Regulator issues pension liberation scheme warning
The Pensions Regulator is highlighting the risks associated with so-called ‘pension liberation’ schemes, which often leave investors substantially out of pocket.
Pension holders should resist the temptation to release money from their pension fund before the age of 55 the regulator warns, as Pension Liberation schemes are often scams offered by unauthorised firms.
These firms are usually located overseas and are therefore not covered by UK compensation schemes and are virtually untraceable.
Their representatives make unsolicited telephone calls to householders, asking if they are interested in unlocking their pension funds before retirement and converting them into cash, but householders should be very wary of doing so.
Pension holders are persuaded to transfer their pension fund into the firm’s fund and the firm then lends back half of the value to the customer in the form of a loan, on which the customer may have to pay charges to HM Revenue & Customs.
The firm may then take a substantial fee out of the remaining half of the pension transfer fund and the remaining balance is used for unregulated investments abroad.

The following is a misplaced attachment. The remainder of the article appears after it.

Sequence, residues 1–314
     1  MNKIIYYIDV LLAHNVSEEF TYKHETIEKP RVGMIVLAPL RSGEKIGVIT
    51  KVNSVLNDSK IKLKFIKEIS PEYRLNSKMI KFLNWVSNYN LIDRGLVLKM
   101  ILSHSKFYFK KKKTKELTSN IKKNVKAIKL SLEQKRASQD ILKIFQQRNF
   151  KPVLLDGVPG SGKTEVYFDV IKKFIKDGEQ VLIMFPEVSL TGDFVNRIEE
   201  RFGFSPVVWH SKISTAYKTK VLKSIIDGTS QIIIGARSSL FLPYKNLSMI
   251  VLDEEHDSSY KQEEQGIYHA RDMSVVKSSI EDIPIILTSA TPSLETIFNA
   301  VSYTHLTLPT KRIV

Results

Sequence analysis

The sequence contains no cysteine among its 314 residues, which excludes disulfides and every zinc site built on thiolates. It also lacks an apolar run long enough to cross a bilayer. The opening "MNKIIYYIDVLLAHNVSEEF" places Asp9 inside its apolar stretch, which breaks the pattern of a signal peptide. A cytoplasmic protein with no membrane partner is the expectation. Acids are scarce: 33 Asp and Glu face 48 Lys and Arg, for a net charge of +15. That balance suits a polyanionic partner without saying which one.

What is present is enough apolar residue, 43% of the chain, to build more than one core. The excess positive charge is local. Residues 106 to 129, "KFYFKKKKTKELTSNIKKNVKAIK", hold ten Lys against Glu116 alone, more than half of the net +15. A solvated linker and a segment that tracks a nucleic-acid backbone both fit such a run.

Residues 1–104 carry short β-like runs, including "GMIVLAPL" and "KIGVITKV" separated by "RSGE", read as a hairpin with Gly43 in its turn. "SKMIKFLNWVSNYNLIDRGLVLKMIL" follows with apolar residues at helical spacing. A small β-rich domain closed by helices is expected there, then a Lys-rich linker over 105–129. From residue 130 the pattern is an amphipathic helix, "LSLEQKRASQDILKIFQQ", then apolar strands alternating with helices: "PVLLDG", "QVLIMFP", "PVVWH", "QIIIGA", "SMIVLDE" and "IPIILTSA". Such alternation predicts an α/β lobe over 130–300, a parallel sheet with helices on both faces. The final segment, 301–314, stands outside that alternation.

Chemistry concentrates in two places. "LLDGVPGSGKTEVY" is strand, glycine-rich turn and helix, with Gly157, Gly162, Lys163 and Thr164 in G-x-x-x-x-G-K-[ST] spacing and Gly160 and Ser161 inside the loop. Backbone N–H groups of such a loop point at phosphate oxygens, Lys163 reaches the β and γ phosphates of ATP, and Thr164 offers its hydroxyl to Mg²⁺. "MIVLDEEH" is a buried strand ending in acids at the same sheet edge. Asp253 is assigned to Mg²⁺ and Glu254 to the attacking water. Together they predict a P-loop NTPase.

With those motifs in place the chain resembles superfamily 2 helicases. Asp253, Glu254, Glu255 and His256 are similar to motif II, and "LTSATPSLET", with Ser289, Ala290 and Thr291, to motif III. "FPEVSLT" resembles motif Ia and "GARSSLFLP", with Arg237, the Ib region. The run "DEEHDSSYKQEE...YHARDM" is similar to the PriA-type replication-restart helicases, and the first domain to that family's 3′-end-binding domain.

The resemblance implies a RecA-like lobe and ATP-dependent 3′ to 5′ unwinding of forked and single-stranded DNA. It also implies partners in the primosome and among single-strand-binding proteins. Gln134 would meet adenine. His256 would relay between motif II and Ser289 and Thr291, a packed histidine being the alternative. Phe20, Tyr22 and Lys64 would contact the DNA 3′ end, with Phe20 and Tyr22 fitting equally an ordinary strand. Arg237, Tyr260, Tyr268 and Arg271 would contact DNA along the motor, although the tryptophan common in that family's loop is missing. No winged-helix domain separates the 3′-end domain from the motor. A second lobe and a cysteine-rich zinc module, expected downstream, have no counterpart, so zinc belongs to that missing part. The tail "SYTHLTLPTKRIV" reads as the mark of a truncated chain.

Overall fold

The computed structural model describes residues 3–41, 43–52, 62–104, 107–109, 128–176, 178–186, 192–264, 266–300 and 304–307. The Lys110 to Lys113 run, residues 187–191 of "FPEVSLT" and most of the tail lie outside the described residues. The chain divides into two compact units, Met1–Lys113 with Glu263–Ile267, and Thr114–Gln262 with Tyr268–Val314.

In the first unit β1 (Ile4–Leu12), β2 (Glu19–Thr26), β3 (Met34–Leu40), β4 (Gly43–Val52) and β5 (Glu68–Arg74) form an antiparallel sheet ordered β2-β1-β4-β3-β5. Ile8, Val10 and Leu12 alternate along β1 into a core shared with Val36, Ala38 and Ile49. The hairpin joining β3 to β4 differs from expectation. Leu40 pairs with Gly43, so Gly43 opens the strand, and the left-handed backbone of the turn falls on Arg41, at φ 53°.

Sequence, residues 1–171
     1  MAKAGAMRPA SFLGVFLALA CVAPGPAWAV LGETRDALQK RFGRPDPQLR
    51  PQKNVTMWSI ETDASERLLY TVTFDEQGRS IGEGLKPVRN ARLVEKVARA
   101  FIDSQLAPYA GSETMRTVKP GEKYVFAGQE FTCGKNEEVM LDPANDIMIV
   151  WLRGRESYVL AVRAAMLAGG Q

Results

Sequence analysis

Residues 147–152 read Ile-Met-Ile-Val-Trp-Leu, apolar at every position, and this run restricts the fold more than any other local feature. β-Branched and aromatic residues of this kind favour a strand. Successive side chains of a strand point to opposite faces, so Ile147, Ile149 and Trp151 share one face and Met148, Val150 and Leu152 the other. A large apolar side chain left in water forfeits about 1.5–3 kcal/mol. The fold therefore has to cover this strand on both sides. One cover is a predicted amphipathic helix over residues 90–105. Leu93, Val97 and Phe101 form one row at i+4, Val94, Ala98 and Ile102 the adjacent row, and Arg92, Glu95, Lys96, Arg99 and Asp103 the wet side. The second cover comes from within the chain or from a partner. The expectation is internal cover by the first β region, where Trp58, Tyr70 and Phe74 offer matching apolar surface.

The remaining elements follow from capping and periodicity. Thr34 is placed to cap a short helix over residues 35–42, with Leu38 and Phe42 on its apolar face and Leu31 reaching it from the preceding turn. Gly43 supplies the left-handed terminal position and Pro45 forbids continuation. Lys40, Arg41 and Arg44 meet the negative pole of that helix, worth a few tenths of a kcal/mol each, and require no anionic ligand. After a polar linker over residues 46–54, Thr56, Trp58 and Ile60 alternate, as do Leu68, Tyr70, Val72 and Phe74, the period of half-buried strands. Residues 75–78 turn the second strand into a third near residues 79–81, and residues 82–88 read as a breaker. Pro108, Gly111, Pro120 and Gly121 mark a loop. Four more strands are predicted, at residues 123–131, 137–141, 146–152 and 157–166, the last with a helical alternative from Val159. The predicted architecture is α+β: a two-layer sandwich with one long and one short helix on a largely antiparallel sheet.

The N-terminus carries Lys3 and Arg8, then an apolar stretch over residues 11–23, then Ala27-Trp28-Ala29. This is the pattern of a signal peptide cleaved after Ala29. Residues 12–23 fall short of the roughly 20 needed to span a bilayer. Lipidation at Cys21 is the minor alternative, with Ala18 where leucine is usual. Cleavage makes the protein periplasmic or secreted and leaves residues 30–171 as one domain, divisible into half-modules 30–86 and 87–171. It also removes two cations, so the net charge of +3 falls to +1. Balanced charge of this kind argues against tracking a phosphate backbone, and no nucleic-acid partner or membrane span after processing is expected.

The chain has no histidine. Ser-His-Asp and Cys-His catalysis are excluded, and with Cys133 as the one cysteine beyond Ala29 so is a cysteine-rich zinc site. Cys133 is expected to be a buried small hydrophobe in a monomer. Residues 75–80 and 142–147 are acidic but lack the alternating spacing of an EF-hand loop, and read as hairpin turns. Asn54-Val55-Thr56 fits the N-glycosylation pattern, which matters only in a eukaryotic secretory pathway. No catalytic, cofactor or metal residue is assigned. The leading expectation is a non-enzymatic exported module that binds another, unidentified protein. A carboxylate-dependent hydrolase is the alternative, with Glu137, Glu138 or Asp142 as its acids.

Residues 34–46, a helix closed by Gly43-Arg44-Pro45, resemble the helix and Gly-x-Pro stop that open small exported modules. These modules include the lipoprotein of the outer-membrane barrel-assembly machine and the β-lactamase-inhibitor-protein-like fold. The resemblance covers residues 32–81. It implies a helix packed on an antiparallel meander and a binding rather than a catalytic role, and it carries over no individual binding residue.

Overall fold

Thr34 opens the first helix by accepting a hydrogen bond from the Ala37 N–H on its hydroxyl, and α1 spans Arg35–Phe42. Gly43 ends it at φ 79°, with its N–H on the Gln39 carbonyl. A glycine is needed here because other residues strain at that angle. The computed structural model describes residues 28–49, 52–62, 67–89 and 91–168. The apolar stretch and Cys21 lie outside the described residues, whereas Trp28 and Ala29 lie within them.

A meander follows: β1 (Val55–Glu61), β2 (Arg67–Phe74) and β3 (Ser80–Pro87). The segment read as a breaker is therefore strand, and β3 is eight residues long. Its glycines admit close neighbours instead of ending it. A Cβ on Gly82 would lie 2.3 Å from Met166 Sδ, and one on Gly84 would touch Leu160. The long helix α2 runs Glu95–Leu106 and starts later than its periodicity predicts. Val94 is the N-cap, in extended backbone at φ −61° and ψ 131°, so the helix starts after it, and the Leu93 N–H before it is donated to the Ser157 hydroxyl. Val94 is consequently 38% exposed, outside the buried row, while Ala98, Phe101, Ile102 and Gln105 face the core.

This leaves the pension holder with little or no pension savings for retirement.
The Pensions Regulator advises anyone who is approached about a Pension Liberation scheme to contact them.
The Financial Services Authority’s consumer helpline and HMRC’s Pensions Anti Fraud Unit will also be able to offer advice.
With interest rates low and the value of pensions falling, may people have lost confidence in financial products and this is contributing to a worrying trend for private sector workers to leave their pension schemes altogether.
The latest figures from the Office for National Statistics show that less than half of employees are in a workplace pension scheme – the lowest level for 15 years, and just a third of private sector employees are in a scheme.